Fri03062015

News

Council considers freezing First St. development

Council considers freezing First St. development


Megan V. Winslow/Town Crier
A pedestrian walks along First Street in downtown Los Altos last week. Future construction on the street could soon be barred by an emergency moratorium on development.

Further construction along First Street could...

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Schools

Santa Rita students put on Kranky Kids Radio Show

Santa Rita students put on Kranky Kids Radio Show


Traci Newell/ Town Crier
Neighborhood volunteer Lishka DeVoss, center, introduces members of Santa Rita School’s Kranky Kids Radio Club to their interviewee last week. The students star in the Kranky Kids Radio Show, which airs Fridays on KZSU.
...

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Community

Music for Minors partners with Harvard to expand efforts

Music for Minors partners with Harvard to expand efforts


Palmer

When the thriving Music for Minors began to outgrow its capacity, the local nonprofit organization made new friends.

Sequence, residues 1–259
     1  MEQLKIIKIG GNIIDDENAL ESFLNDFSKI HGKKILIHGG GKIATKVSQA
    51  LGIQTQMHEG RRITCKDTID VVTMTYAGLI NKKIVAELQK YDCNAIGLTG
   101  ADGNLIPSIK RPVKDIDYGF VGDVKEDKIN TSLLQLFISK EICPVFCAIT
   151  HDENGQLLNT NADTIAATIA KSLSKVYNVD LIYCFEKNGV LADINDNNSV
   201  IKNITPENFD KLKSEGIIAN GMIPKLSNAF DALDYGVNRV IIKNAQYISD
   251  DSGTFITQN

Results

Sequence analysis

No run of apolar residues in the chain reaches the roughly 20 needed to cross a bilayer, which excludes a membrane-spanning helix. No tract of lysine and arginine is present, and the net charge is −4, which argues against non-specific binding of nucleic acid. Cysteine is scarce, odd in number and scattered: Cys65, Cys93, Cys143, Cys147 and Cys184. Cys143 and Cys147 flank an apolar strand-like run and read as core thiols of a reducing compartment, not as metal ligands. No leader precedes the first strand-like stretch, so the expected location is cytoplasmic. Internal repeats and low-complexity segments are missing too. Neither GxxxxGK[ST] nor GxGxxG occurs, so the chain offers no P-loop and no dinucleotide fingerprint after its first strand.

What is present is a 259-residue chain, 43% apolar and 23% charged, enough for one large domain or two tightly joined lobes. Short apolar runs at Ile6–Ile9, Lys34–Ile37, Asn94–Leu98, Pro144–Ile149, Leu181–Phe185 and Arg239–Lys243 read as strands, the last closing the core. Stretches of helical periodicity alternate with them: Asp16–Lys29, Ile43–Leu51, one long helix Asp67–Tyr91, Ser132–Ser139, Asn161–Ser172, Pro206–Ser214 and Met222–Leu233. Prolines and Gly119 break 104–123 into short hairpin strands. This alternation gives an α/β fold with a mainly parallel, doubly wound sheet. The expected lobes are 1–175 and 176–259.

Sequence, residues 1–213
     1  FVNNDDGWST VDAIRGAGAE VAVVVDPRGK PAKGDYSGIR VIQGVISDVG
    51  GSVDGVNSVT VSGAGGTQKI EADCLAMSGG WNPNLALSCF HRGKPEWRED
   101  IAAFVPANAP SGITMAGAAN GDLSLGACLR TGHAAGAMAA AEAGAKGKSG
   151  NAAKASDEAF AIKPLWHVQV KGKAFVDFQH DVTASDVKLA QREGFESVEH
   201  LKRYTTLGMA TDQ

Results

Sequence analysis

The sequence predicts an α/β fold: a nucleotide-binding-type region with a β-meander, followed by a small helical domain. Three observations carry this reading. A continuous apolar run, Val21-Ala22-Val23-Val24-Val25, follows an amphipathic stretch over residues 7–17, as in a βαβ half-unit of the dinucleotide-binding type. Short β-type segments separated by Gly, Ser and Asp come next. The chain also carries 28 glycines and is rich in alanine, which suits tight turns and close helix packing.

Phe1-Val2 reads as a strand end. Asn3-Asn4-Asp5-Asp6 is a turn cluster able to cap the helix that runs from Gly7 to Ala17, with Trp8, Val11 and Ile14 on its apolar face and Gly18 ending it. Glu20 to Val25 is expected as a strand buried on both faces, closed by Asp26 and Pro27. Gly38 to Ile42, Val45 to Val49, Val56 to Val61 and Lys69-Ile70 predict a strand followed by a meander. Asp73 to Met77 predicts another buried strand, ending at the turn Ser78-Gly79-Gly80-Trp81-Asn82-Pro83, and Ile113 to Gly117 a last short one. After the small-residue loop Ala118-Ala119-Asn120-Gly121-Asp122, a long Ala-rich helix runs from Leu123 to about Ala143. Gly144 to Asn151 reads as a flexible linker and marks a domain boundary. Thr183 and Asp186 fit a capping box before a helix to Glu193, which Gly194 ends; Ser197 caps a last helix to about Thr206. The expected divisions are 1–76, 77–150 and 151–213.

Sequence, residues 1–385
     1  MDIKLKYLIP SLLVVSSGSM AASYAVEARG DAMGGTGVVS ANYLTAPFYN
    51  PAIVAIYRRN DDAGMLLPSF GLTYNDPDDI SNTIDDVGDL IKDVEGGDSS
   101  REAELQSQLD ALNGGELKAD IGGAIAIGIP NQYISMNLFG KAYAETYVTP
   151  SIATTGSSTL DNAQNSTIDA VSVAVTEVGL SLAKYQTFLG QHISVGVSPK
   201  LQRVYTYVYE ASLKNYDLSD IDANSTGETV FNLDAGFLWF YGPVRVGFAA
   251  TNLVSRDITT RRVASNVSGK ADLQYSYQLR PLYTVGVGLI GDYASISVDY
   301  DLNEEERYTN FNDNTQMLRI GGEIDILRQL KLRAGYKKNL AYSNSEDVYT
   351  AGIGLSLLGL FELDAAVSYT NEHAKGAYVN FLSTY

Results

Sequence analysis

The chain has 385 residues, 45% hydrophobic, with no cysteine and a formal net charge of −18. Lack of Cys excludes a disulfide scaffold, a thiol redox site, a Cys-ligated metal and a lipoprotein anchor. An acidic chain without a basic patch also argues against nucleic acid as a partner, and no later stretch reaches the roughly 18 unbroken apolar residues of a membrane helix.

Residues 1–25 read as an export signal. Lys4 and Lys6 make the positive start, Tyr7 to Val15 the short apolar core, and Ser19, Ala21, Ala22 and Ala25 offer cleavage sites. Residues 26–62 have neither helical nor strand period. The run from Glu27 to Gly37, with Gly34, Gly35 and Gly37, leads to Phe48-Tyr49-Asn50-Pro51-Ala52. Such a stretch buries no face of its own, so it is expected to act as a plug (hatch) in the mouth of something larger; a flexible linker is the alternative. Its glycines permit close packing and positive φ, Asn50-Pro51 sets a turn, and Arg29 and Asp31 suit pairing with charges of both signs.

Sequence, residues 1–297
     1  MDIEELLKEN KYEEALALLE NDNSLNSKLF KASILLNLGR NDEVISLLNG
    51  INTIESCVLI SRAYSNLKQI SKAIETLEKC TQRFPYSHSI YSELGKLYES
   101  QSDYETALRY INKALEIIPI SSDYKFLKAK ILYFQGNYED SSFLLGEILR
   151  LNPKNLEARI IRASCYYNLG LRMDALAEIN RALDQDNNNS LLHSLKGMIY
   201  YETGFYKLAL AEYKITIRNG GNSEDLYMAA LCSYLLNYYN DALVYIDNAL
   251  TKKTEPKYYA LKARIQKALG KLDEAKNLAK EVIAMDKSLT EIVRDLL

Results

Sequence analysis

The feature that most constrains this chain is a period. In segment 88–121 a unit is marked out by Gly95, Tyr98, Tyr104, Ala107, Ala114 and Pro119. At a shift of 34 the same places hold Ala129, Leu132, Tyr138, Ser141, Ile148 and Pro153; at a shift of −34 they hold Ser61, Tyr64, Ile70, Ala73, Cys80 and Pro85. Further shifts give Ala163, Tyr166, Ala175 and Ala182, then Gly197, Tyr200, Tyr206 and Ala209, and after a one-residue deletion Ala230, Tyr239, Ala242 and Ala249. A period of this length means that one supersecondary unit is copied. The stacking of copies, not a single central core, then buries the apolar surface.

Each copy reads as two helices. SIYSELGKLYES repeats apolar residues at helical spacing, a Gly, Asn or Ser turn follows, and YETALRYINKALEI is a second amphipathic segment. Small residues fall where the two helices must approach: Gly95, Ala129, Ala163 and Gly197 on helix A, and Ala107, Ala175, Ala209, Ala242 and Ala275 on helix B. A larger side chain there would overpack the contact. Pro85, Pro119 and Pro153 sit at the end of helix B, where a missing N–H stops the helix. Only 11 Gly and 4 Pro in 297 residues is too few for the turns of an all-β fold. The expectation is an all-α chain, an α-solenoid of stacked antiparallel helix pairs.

Beginning in late February, Music for Minors – a Town Crier Holiday Fund recipient – partnered with Harvard Business Sch...

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Sports

Eagles make school history

Eagles make school history

Ellie Van Houtte/Town Crier
The Los Altos High School Eagles defeated Santa Clara High School Tuesday to advance to the Central Coast Section basketball finals Saturday.

The Eagles are headed where no Los Altos High boys basketball team has gone...

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Comment

Dangerous streets: A Piece of My Mind

I’m driving along El Monte Avenue between Foothill Expressway and Springer Road at approximately 6 p.m. on a midwinter evening. In keeping with the “village feeling” of our town, there are no sidewalks and no streetlights.

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Special Sections

Lions, lambs and Cab Franc for March

Lions, lambs and Cab Franc for March


Christine Moore/Special to the Town Crier
Oven fries, a slice of feta cheese and the bite of harissa mayonnaise make for a late-winter, early-spring dinner perfectly paired with Cabernet Franc.

I can’t help but wonder whether March will come in ...

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Business

Los Altos scientist named Inventor of the Year

Los Altos scientist named Inventor of the Year

Alicia Castro/Town Crier
Robert Showen, above, the Silicon Valley Intellectual Property Lawyers Association’s Inventor of the Year, began researching his ShotSpotter technology in his Los Altos home. Sensors are placed around a city, below, and fou...